Intelligent Flight Control Systems – Plane with a Brain

music
ambience: Jet engine and Radio Communication

“A neural network tries to do things that are similar to what the human brain does, in that it takes a number of inputs from various sources, it processes those inputs, and comes out with some sort of a decision.”

That’s Jim Smolka, an aerospace research pilot at Dryden Flight Research Center. He’s been testing the Intelligent Flight Control System, which can allow an aircraft to make decisions following the model of the way we think. I’m Jim Metzner and this is the Pulse of the Planet. Using the same logic as our brain’s neural network, the Intelligent Flight Control System processes bits of data from all over the aircraft and automatically adjusts rudders, flaps, and other aerodynamic surfaces to counteract any unexpected failures.

“There’s lots of variables to consider, and the neural network tries to basically analyze all those variables for you, and come up with an optimum solution.”

While it’s still in the very early stages of testing, someday this technology could be applied to commercial airplanes.

“The commercial airliner’s got in excess of twenty different aerodynamic surfaces, that are moving on the airplane. And so, there’s a lot of different surfaces available that if you could control them independently, you can make those surfaces move in ways that we don’t make them move now. And that’s where this kind of a software scheme would really be powerful, is to be able to do things with the control surfaces that we can’t do right now, but would allow us to compensate for a lot of different things that could happen to an airplane, and potentially bring airplanes back to the ground safely that currently are incapable of doing that. So that the average pilot would be able handle a fairly catastrophic situation without any special training.”

We’ll hear more about the Intelligent Flight Control System in future programs. Pulse of the Planet is made possible by the National Science Foundation, with additional support from NASA. I’m Jim Metzner.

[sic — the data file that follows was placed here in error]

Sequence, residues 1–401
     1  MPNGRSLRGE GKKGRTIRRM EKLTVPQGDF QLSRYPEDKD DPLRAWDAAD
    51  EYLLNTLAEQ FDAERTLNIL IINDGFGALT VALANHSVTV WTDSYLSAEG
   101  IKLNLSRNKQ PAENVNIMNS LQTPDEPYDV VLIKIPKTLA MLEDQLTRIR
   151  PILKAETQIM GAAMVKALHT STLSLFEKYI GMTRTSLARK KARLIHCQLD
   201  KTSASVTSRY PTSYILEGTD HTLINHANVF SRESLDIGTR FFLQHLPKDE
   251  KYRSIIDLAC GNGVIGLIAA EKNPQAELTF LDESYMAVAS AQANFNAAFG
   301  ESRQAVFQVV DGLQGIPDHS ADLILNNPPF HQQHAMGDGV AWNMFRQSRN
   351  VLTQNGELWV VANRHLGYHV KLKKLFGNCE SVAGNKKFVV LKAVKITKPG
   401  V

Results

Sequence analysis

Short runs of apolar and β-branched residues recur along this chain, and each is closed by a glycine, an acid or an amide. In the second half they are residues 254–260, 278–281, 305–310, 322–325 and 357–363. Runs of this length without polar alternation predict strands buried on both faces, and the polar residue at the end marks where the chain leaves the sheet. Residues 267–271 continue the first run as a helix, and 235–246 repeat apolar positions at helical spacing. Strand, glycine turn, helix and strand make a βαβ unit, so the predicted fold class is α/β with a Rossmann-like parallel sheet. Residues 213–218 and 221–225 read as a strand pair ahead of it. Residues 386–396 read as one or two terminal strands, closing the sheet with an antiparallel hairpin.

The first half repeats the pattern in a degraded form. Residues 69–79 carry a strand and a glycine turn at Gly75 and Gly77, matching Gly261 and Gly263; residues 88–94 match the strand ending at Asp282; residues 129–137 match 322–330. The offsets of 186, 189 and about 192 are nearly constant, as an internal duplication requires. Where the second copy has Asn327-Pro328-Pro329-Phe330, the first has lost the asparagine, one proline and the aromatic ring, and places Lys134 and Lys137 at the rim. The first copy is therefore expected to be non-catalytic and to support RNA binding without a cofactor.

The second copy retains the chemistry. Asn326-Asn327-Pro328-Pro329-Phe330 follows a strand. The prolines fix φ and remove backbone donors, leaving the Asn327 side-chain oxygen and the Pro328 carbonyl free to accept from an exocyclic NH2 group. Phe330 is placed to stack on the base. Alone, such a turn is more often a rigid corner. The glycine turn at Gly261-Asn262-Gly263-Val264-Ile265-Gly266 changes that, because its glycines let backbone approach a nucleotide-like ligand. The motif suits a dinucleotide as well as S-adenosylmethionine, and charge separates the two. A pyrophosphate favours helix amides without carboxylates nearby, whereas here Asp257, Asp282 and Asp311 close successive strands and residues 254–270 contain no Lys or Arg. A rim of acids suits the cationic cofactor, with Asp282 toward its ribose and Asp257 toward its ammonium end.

Intelligent Flight Control Systems - Plane with a Brain

How is an airplane like a human brain?
Air Date:05/23/2007
Scientist:
Transcript:

music
ambience: Jet engine and Radio Communication

“A neural network tries to do things that are similar to what the human brain does, in that it takes a number of inputs from various sources, it processes those inputs, and comes out with some sort of a decision.”

That’s Jim Smolka, an aerospace research pilot at Dryden Flight Research Center. He’s been testing the Intelligent Flight Control System, which can allow an aircraft to make decisions following the model of the way we think. I’m Jim Metzner and this is the Pulse of the Planet. Using the same logic as our brain’s neural network, the Intelligent Flight Control System processes bits of data from all over the aircraft and automatically adjusts rudders, flaps, and other aerodynamic surfaces to counteract any unexpected failures.

“There's lots of variables to consider, and the neural network tries to basically analyze all those variables for you, and come up with an optimum solution.”

While it’s still in the very early stages of testing, someday this technology could be applied to commercial airplanes.

“The commercial airliner's got in excess of twenty different aerodynamic surfaces, that are moving on the airplane. And so, there's a lot of different surfaces available that if you could control them independently, you can make those surfaces move in ways that we don't make them move now. And that's where this kind of a software scheme would really be powerful, is to be able to do things with the control surfaces that we can't do right now, but would allow us to compensate for a lot of different things that could happen to an airplane, and potentially bring airplanes back to the ground safely that currently are incapable of doing that. So that the average pilot would be able handle a fairly catastrophic situation without any special training.”

We’ll hear more about the Intelligent Flight Control System in future programs. Pulse of the Planet is made possible by the National Science Foundation, with additional support from NASA. I’m Jim Metzner.